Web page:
Cream butter. Gradually beat in 1/3 cup confectioners sugar and continue beating until light and fluffy.
Dissolve instant coffee and baking soda in water. Add to butter mixture with vanilla, and beat well. Stir in flour and nuts.
Shape into small balls, and place on ungreased baking sheet. Bake at 350 degrees for 15 to 18 minutes.
Roll each cookie in additional confectioners sugar while still hot. Makes about three dozen cookies.
“These are like the Mexican wedding cake ball-type cookie, except they have coffee flavor in them,” Thompson said.
For pie lovers, she offered the following non-coffee recipe.
Peaches and Cream Pie
3/4 cup flour
1/2 teaspoon salt
1 teaspoon baking powder
1 small package vanilla pudding
3 tablespoons soft butter
1/2 cup milk
1 medium can sliced peaches, drained and liquid reserved
1 (8 ounce) package cream cheese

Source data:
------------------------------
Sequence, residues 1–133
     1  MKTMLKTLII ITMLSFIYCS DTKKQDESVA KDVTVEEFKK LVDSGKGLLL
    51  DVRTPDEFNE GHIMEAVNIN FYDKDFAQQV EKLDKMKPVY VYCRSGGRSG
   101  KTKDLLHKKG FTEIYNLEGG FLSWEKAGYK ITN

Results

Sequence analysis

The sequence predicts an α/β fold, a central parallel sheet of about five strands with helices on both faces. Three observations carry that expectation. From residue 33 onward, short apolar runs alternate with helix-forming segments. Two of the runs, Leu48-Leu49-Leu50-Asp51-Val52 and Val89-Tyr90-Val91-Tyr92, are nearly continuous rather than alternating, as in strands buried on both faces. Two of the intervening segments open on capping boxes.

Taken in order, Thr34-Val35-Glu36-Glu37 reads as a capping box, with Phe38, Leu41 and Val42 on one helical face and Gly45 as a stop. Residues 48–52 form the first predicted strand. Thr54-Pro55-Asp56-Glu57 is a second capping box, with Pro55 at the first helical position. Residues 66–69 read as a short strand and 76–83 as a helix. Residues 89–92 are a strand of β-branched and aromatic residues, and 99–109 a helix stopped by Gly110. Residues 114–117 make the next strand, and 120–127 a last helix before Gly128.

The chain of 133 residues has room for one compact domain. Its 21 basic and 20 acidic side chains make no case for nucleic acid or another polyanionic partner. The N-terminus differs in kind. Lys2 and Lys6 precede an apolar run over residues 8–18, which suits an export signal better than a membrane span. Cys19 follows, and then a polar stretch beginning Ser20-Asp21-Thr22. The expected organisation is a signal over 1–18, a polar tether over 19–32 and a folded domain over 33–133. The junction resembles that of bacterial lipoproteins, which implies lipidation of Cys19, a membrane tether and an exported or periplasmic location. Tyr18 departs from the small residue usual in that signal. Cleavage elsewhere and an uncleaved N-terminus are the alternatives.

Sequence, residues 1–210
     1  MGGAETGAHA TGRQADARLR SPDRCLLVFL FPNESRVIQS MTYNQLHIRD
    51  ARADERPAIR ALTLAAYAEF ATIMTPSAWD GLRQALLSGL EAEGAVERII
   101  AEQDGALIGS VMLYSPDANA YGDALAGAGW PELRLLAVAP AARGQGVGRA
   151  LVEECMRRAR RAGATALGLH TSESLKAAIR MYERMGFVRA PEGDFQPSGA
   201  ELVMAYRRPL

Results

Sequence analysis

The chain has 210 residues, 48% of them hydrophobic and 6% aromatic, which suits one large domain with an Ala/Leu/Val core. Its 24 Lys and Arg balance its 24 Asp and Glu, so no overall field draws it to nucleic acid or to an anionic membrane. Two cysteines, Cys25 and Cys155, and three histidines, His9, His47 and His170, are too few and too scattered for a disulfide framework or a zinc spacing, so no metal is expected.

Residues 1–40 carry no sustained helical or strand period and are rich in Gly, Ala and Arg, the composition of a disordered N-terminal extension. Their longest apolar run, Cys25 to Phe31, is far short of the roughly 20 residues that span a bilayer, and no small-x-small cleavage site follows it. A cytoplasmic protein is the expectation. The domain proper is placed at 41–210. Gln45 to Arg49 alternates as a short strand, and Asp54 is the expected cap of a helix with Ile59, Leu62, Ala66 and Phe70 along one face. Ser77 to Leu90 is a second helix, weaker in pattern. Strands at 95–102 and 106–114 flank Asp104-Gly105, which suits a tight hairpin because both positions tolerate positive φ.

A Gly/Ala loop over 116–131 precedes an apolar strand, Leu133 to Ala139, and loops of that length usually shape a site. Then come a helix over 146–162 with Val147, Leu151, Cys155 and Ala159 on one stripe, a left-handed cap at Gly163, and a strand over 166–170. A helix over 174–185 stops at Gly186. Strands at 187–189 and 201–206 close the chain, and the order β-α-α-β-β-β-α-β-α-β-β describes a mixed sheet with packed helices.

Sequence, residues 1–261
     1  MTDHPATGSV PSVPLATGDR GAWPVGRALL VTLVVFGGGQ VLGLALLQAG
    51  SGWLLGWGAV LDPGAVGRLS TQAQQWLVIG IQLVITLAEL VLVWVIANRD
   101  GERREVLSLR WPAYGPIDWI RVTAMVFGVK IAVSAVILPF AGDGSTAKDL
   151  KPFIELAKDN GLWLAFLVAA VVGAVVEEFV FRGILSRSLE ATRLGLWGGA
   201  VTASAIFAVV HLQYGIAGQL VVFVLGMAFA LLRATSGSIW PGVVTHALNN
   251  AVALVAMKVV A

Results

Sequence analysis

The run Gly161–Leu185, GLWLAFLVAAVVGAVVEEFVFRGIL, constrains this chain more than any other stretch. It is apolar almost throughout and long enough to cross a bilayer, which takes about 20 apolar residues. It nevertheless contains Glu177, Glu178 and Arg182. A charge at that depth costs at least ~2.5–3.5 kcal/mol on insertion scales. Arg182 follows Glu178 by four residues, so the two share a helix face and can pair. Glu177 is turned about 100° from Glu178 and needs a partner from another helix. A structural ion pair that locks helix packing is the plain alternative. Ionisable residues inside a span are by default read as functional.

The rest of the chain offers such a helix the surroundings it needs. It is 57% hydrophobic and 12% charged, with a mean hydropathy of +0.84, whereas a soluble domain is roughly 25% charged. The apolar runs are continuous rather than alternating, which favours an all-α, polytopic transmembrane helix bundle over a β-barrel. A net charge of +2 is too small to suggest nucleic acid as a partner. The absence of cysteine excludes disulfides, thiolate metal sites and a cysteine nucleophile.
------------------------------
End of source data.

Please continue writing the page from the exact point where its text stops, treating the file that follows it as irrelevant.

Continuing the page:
1/2 cup sugar
3 tablespoons reserved peach juice
1 tablespoon sugar
1/2 teaspoon cinnamon
Pre-heat oven to 350 degrees.
Grease bottom of 9-inch pie plate.
(Note: for more “peachy” dessert, use one large can sliced peaches and bake in a 10-inch pie plate, Thompson said.)
Combine and mix first seven ingredients for two minutes. Pour into pie pan. Arrange peaches over batter.
Combine and mix cream cheese, sugar and reserved peach juice for two minutes. Spoon onto peaches, leaving 1-inch border.
Mix sugar and cinnamon and sprinkle onto filling.
Bake at 350 degrees for 30 to 35 minutes.
Cool and refrigerate.
“I’ve served this here,” Thompson said of the pie. “It goes over very well, and it’s a favorite of ours at home.”
Striving to continue her goal of operating a community-wide ministry, Thompson said she is glad the profits of the restaurant are helping others.
“We do have some ministries, some areas that we give, such as a girl right now we give to,” Thompson said.
“She’s going to a Christian school in Colorado. She has trouble making ends meet, so we donate money to her to help her every month.”
And why is The Daily Grind successful during these difficult economic times?
“I’d like to believe it’s because God has his hand in it,” Thompson said.
“And because we try to be friendly. I think that seems to be very important. We try to be friendly, and have a good atmosphere.”